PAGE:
The medical anthropologist Arthur Kleinman writes of the East Asian belief that we are not born fully human but, rather, only become human in our interactions with others: through our relationships with others, through our shared experiences with one another, by lifting the burden, sharing the weight, or bearing together the raw human emotions that remind us how little in life is within our control. It is these encounters and this sharing that contribute to, and make up, our humanity. Through these experiences, we open ourselves to the mortality, the fragility, the strength, and the awe-inspiring elements of what makes us human—we open ourselves to our own humanity.
What an honor, a privilege, and at times a burden, it is to undertake a profession that constantly invites us to engage and intersect with humanity at its most fragile moments. Therefore, it is our privilege and responsibility as good doctors and medical caregivers—along with our colleagues in social work, chaplaincy, and nursing, among many others—to strive to deliver the best care to our patients. In Dr. Francis Peabody’s statement to the 1925 graduating Harvard Medical School Class, he averred that “the secret of care for the patient is in caring for the patient,” which resonates with our 21st-century mainstream society rhetoric of the “patient-centered” approach. It is not surprising, then, that the highest ideals in medicine have remained constant.
Three weeks after Mr. N’s emergency abdominal surgery and the end-of-life family meeting, I sit with Mr. N before he is discharged from the hospital. “You have been through a lot,” I say, “it is a miracle you are leaving the hospital.” Mr. N nods, and then his family descend upon us, and Mr. N is placed on a wheelchair to go home with palliative services. As a final goodbye, I reach out my hand to shake his and wish him continued health and strength. He grabs my hand and tells me, “Thank you for helping me not be afraid.”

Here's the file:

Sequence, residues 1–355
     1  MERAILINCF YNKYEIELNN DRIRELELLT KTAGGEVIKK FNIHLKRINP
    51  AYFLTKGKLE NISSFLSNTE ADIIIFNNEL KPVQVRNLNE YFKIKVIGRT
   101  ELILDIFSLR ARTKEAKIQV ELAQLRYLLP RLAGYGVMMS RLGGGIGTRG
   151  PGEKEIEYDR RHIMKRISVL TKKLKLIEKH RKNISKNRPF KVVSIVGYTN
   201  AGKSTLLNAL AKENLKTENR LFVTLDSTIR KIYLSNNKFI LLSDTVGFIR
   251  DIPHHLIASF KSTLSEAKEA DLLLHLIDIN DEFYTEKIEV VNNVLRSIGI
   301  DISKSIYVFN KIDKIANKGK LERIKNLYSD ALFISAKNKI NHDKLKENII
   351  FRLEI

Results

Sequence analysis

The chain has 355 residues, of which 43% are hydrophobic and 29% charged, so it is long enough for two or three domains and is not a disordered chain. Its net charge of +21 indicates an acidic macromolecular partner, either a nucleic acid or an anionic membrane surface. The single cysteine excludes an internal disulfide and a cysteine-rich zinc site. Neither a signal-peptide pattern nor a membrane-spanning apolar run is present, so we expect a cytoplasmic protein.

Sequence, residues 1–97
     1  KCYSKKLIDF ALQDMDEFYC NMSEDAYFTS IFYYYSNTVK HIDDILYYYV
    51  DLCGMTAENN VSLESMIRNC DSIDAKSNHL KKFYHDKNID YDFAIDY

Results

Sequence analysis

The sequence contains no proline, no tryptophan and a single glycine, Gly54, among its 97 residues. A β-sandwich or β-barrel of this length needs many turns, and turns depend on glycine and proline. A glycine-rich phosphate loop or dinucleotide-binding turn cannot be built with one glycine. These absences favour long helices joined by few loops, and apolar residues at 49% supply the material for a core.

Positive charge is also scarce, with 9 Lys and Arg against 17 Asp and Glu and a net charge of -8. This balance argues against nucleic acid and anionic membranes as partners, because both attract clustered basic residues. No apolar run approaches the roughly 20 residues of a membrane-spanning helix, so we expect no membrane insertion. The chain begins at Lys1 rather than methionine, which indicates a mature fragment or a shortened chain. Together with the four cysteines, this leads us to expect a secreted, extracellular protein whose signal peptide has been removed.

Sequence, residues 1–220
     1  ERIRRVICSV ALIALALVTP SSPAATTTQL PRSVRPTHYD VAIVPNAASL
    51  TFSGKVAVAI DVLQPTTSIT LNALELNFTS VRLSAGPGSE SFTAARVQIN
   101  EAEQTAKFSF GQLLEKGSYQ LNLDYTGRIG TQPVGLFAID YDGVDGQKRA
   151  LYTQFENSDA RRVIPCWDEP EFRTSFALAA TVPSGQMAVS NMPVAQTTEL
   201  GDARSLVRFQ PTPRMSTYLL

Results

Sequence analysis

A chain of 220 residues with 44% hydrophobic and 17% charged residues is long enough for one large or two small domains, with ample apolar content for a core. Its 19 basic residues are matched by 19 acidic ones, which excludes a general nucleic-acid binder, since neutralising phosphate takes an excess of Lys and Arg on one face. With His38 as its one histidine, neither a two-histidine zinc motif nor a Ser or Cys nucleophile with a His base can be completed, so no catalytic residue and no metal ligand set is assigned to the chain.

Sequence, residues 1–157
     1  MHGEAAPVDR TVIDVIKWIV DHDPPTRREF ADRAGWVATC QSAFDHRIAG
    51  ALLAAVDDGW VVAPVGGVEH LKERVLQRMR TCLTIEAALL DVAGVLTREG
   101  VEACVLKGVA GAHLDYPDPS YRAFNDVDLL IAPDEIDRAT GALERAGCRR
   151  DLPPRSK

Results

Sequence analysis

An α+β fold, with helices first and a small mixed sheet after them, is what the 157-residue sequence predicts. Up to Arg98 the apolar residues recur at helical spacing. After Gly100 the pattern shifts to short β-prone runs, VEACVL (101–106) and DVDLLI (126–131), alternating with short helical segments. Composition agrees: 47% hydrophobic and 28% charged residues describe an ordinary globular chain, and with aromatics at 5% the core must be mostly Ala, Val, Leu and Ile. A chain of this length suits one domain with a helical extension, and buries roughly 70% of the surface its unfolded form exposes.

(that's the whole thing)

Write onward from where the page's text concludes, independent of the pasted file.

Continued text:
Throughout my third year of medical school, I have realized that there is no medicine to alleviate fear—the fear of illness, the fear of your body in someone else’s hands, or the fear of dying. But I have also learned that by caring for the patient, by placing the patient at the center of our medical practice, we can establish a trust relationship that just might lessen that fear. By doing so, we humanize our practice, share in the life of our patients and, in return, grow more deeply human.
The Arnold P. Gold Foundation Humanism in Medicine Essay Contest
The Arnold P. Gold Foundation was founded in 1988 with the mission of maintaining the balance between medical science and human needs by ensuring that doctors value and provide patient-centered care that is both compassionate and cutting edge. The Gold Foundation’s annual Humanism in Medicine Essay Contest was launched in 1999 in order to allow medical students to reflect on their experiences through writing.
In 2013, to mark the 13th year of the Essay Contest students were given the pair of prompts that were used in the inaugural Essay Contest: “What do you think are the barriers to humanism in medicine today?” and “Who is the ‘good’ doctor?” More than 300 students submitted essays which were reviewed by a distinguished panel of judges ranging from esteemed medical professionals to authors in the field of humanistic medical care.
The top 3 essays were selected along with 10 honorable mentions. Winning essays were published on the Arnold P. Gold Foundation Web site (www.humanism-in-medicine.org) and will be published in consecutive fall issues of Academic Medicine.